Several individuals raised issues pertaining to the Army’s maps, which they said were of poor quality and out of date. Army acknowledged that potential landing zones were identified using maps, not site inspection. One resident had used Google Earth to identify about 40 homes inside the perimeter of various proposed landing zones. BLM has made no site visits and I did not hear them state that site visits would be part of the review.
Numerous people commented on noise impacts, and five or six related incidents in which Army helicopters had buzzed or hovered over their homes under the current Casual Use agreement. These incidents include night flybys and low-flying helicopters in areas far removed from existing landing zones. Army made clear that complaints are/would be handled by their Public Affairs Office. Army provided a handout with Public Affairs contact information, which hints at, but does not provide “proper procedures”; Capt. Matthews indicated that tail numbers of aircraft are part of that procedure. BLM acknowledged that there was a need for monitoring mechanisms and accountability to be incorporated in any recommended action, and encouraged attendees to formally submit their comments on such matters.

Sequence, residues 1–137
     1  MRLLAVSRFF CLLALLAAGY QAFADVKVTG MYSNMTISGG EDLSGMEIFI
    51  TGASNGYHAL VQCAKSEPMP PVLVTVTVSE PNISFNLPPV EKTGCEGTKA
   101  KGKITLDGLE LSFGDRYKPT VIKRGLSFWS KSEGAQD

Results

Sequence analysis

While I understand that BLM is relying on public input to identify issues, there was no indication during the meeting that BLM has proactively begun any of their own research, even though the original scoping period expired October 31. When asked why Forest Service was curtailing use of landing sites on FS property, Berger replied, essentially, “We don’t know, but we’ll be asking them.” Berger also indicated that BLM was “just finding out” about other sites in the continental US that the Army uses for HAMET exercises; the Air National Guard station in Eagle County and Fort Bliss were mentioned; my own cursory internet search on “HAMET” and “Army helicopter training” earlier in the week indicates that exercises have also been conducted at Holloman AFB and Fort Drum.